One of the advantages of being, well, a journalist who is a bit on the old side is that you remember debates and discussions in the past that resemble arguments taking place in the present.
So flash back several decades with me to the era known as the Cold War. One of the topics debated in the first newsrooms in which I worked was how to use the terms "liberal" and "conservative" when talking about Communists, especially in the Soviet Union.
Editors decided that the more socialist, the more Communist, the more Soviet people were, the more "conservative" they were. They were "conservative" Communists, even though "socialist" and "Communists" are normally words that describe a form of political liberalism. They were "conservative" liberals because they were resisting change to the Soviet system.
People who wanted change in the old system, thus, were "liberals," even if these changes would take their nation away from socialism/Communism.
The key, of course, was that "conservative" was bad and "liberal" was good.
With that in mind, let's move to the current debates about the violence in San Bernardino and, in particular, the following passage from a piece in The Washington Post, which included remarks from the father of Syed Rizwan Farook:
On Sunday, Italian publication La Stampa published an interview with Farook’s father, also named Syed, in which he said his son had harbored anti-Semitic animosity. Reached at his son Raheel’s home on Sunday morning, the elder Farook said his views differed from those of his son.
“He was going towards [conservatism],” he told reporters through the gate of the home. “His views were conservative, my views were liberal.”
What word was originally inside those brackets, the word that was turned into "conservative"? Whatever it was, it's clear that it was, for Farook's father, the opposite of "liberal."
Once again, "conservative" means staying closer to an old, narrow, judgmental, perhaps even doctrinaire version of the belief system being discussed, which in this case is Sunni Islam. That's bad.
Liberal, in this case, means a modernized, progressive vision of the faith. That's good.
Who says so? Well, America says so.
How do Muslims around the world view this particular judgment by American leaders?
You can see the problem. Journalists are trying to say that the bad Muslims are practicing a faith that has nothing to do with the real Islam. Yet, at the same time, journalists are saying that these bad Muslims are "conservative" Muslims, which would mean they are trying to defend an older, stricter, more doctrinaire version of Islam (perhaps even a "Medieval" one). The bottom line: This Islam of the past is not a form of Islam.
You can see this struggle in a new piece in The Los Angeles Times about the Islamic school in Pakistan that helped shape the young Tashfeen Malik. This is, you see, a "conservative," even "hard-line" Islamic school.
Last week’s rampage by Malik and her husband, Syed Rizwan Farook, which killed 14 and injured 21, has cast a fresh spotlight on the teachings of Al Huda, part of a vast patchwork of Islamic seminaries, Koran prayer groups and other religious institutions that operate outside Pakistani government control and are often accused of fueling radicalism.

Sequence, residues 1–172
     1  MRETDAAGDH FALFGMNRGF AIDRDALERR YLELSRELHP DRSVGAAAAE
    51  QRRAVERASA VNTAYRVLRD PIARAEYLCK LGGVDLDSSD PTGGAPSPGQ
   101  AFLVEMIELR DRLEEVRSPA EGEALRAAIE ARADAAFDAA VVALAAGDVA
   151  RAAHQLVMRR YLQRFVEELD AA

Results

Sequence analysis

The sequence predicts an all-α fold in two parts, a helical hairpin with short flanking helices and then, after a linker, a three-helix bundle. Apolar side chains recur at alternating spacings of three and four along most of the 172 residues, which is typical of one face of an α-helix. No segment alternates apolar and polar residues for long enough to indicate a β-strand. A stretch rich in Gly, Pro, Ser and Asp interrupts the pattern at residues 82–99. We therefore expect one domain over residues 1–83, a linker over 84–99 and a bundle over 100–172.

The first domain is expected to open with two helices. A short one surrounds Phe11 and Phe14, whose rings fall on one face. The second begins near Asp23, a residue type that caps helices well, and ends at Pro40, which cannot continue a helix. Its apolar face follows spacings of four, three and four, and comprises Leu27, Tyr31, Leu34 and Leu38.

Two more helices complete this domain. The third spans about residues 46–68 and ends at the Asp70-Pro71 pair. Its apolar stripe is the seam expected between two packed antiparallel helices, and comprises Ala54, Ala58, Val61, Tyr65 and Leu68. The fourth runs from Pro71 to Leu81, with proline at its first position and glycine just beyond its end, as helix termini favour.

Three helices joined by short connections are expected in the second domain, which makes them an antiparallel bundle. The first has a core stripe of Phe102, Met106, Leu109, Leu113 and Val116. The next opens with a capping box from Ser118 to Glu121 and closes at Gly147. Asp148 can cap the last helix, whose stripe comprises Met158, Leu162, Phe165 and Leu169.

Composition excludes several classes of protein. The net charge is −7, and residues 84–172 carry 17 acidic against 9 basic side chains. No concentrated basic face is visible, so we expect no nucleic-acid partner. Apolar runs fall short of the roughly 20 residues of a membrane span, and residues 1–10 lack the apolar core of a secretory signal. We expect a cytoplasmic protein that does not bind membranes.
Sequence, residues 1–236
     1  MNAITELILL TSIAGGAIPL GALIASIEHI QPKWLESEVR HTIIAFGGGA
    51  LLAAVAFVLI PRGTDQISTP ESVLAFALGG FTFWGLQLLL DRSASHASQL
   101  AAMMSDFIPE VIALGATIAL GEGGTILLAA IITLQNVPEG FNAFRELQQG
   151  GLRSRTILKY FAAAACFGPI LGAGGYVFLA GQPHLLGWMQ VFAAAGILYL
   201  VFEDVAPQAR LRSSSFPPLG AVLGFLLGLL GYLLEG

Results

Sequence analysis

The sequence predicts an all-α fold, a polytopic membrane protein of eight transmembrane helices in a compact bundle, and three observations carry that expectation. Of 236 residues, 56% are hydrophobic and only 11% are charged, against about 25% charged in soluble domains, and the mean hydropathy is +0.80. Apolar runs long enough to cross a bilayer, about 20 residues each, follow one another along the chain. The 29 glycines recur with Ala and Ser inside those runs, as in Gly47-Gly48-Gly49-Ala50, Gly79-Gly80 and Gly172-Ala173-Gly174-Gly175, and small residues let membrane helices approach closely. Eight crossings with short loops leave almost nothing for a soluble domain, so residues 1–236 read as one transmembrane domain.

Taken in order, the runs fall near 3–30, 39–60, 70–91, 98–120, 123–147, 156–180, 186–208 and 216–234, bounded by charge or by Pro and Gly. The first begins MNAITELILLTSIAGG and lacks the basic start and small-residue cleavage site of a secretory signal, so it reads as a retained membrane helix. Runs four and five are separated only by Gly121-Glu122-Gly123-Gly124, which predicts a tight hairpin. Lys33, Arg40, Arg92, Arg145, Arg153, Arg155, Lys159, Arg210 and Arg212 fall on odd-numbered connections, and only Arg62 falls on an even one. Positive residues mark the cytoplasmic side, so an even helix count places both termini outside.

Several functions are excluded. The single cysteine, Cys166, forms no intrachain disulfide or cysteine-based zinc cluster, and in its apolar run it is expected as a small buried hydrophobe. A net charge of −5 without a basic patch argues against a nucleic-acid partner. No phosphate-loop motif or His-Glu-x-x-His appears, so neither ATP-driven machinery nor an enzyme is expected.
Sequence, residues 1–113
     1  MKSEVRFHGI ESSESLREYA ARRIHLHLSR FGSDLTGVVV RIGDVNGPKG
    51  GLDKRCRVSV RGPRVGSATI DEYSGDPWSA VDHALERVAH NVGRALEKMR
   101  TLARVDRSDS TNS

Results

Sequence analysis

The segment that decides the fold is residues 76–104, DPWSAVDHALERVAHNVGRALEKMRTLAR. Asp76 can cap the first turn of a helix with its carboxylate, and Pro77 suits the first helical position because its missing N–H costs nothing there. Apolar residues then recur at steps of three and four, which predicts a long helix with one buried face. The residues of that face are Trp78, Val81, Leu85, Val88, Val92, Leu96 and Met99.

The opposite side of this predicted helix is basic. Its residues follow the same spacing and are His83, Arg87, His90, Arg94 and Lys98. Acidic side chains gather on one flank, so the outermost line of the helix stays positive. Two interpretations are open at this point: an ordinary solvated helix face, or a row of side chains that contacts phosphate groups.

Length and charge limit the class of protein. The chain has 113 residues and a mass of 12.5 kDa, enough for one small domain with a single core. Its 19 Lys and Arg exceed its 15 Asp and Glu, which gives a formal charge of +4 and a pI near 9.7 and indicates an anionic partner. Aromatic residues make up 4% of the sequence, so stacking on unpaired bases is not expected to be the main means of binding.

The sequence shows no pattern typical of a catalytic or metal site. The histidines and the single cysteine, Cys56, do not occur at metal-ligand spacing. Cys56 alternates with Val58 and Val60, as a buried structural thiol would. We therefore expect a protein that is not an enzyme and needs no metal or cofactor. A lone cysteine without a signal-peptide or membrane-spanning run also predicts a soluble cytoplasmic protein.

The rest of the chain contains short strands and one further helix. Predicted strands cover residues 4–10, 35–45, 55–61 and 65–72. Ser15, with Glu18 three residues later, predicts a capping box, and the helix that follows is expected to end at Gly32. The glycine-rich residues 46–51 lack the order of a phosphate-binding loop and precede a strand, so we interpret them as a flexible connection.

Pakistani officials and experts who have studied Al Huda say this is the first time it has been linked to a militant attack, and an official with the organization said Monday that it “does not support terrorism.”
Yet experts say Al Huda seminaries promote anti-Western views and hard-line practices -- including gender segregation and veils for women -- that could encourage some adherents to lash out against nonbelievers.
“What happens in these Al Huda classes is teaching these urban, educated, upper-middle-class women a very conservative interpretation of Islam that makes them very judgmental about others around them -- that it’s their job to go out and reform people and bring them toward the path of true Islam,” said Faiza Mushtaq, a Pakistani scholar who wrote her doctoral dissertation on the organization.
Later on, there is this:
Al Huda and several other women’s seminaries in Pakistan have had a pronounced effect on urban life. Many more women in Islamabad and other cities now cover their hair, part of a trend toward religious conservatism that has been inspired by Sunni Muslim religious doctrine from Saudi Arabia. ...
Al Huda’s curriculum also appeared to promote conspiracy theories about the United States and other Western countries.
Note that these schools are teaching a "conservative" version of Islam, according to journalists, yet one that President Barack Obama -- like George W. Bush before him -- continues to insist is not really a form of Islam. When the president says that, journalists sort of agree.
But, wait, we are also talking about what the press calls a "conservative" version of Islam. If that is the case, then what does the word "conservative" actually mean in these news reports?
From my perspective, the key is that this Los Angeles Times story did a good job of showing readers a debate INSIDE Islam about life in the modern world.
Forget the labels for a minute. What we see here is a clash between competing forms of Islam, both in Pakistan, in the United States and around the world, with Muslim leaders in different camps debating which set of doctrines represents the true Islam. Old or new? Conservative or liberal? Hard-line or progressive?
Let me be clear: There are plenty of "conservative" and even "traditional" Muslims (click here for a discussion of one group within the Salafist movement) who do not make the leap to violent forms of jihad. Yet it also appears that the influence (and money) of Saudi Arabia is having, at best, a confusing impact on Muslims in other parts of the world.
So, were Syed Rizwan Farook and Tashfeen Malik "conservative" Muslims or not?